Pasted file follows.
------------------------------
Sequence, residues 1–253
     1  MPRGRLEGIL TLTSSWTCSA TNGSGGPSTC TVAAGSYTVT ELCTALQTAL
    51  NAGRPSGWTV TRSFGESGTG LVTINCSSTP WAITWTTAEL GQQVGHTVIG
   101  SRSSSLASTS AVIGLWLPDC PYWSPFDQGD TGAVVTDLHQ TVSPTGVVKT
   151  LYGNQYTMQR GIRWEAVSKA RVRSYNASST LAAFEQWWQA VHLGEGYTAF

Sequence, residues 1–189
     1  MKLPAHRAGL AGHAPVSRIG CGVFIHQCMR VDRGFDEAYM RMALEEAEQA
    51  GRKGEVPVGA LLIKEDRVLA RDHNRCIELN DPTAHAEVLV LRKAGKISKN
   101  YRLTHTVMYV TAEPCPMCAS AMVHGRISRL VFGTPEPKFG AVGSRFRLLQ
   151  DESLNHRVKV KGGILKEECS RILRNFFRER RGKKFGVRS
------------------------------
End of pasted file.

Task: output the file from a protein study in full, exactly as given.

Sequence, residues 1–253
     1  MPRGRLEGIL TLTSSWTCSA TNGSGGPSTC TVAAGSYTVT ELCTALQTAL
    51  NAGRPSGWTV TRSFGESGTG LVTINCSSTP WAITWTTAEL GQQVGHTVIG
   101  SRSSSLASTS AVIGLWLPDC PYWSPFDQGD TGAVVTDLHQ TVSPTGVVKT
   151  LYGNQYTMQR GIRWEAVSKA RVRSYNASST LAAFEQWWQA VHLGEGYTAF

Sequence, residues 1–189
     1  MKLPAHRAGL AGHAPVSRIG CGVFIHQCMR VDRGFDEAYM RMALEEAEQA
    51  GRKGEVPVGA LLIKEDRVLA RDHNRCIELN DPTAHAEVLV LRKAGKISKN
   101  YRLTHTVMYV TAEPCPMCAS AMVHGRISRL VFGTPEPKFG AVGSRFRLLQ
   151  DESLNHRVKV KGGILKEECS RILRNFFRER RGKKFGVRS